OIV Says COVID-19 Crisis May Cut Wine Sales In Europe By Half
The closure of bars and restaurants to contain the spread of COVID-19 has slashed global wine sales, and winemakers' revenues in Europe could be cut in half, the International Organisation of Vine and...
The closure of bars and restaurants to contain the spread of COVID-19 has slashed global wine sales, and winemakers' revenues in Europe could be cut in half, the International Organisation of Vine and Wine (OIV) has said.
While wine sales are likely to grow again once lockdowns are eased, the crisis could bring irreversible changes to the sector.
European producers, particularly in France, Italy, and Spain, have called for urgent help, with French winemakers being penalised by US tariffs of 25% as part of Washington's response to EU aircraft subsidies, as well as the lockdowns.
"In Europe, the shutdown of this important channel of distribution might bring a reduction of 35% in volume and a reduction of almost 50% in sales," OIV director general Pau Roca told a webcast news conference, without giving a timeframe.
Roca said that distribution has moved to retailers and online purchases, but overall consumption is expected to drop, along with prices, hitting winemakers' turnover and profitability.
With global profits from wine at record highs last year, the shrinkage in the sector is comparable to that seen at the end of World War II, he added.
Mediterranean countries will be most affected as they rely heavily on bars, restaurants and terraces, and tourism will remain limited even after lockdown measures are lifted.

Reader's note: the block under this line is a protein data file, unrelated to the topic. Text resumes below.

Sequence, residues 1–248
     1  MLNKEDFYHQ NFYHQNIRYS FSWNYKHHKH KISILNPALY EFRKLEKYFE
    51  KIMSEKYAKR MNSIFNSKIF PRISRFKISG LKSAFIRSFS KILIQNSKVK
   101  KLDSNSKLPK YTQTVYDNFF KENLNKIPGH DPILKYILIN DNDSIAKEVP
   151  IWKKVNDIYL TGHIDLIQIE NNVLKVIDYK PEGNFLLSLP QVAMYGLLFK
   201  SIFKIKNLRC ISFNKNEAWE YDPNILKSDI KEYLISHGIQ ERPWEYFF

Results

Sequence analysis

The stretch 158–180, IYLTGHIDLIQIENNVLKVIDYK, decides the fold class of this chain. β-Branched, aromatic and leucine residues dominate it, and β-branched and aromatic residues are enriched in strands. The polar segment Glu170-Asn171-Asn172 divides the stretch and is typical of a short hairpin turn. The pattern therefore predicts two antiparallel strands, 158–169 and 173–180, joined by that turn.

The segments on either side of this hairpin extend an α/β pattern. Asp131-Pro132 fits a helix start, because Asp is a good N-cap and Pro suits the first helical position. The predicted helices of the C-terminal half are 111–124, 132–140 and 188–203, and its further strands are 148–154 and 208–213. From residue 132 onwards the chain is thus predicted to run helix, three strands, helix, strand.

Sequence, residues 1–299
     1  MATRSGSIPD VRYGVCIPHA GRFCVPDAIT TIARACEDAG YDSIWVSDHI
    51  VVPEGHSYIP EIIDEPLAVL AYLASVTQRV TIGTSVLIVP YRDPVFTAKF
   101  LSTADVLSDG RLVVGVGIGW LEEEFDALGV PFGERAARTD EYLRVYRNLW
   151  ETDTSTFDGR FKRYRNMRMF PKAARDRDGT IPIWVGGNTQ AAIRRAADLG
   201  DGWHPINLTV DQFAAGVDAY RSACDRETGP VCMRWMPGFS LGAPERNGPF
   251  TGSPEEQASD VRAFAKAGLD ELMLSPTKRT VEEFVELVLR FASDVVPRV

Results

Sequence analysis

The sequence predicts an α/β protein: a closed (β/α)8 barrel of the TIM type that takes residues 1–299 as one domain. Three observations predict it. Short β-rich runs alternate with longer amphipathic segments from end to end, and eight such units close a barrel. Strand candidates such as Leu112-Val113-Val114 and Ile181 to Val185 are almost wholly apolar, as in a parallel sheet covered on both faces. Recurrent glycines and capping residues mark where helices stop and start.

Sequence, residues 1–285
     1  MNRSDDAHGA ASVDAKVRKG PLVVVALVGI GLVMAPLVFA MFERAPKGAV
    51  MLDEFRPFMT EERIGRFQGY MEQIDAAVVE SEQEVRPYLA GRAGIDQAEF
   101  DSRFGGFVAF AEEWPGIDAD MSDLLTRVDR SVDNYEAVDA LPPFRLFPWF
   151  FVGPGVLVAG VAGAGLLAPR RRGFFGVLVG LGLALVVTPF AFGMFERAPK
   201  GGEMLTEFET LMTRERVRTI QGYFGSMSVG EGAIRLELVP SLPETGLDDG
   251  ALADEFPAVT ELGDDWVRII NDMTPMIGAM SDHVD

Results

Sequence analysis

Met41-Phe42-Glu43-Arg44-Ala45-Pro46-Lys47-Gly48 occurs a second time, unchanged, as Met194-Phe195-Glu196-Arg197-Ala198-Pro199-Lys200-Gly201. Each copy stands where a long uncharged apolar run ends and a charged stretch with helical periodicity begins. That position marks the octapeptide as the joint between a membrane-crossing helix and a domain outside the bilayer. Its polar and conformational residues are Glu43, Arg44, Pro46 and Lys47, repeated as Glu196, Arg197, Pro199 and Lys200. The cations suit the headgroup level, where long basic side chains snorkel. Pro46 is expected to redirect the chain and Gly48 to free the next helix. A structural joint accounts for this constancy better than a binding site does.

"At this moment everybody agrees that the lockdown has had a destructive effect, probably irreversible unless exceptional public resources for reconstruction are put forward," said Roca, whose organisation groups the governments of 47 wine-producing countries.
French Agriculture Minister Comments
French agriculture minister Didier Guillaume said on Thursday April 23 that French winemakers are stifled, and called for more help from the EU.
"While certain countries are starting to reopen their harbours, it is the case for China for example, for the near future the scenario does not leave much space for optimism," he said on LCI news channel.
The two largest markets in the world, Europe and the United States, could reduce their imports, he said, and stated, "Trade flows may recover with the economy, but some permanent changes may occur."
The international wine trade - the global value of wine exports - topped €31.8 billion in 2019, a new record high, OIV said, with France leading the way with €9.8 billion exported.
On Monday April 20, the European Union's executive forecast that wine consumption in the bloc's 27 countries will fall by 8% in the 2019/20 season compared to the average of the last five years.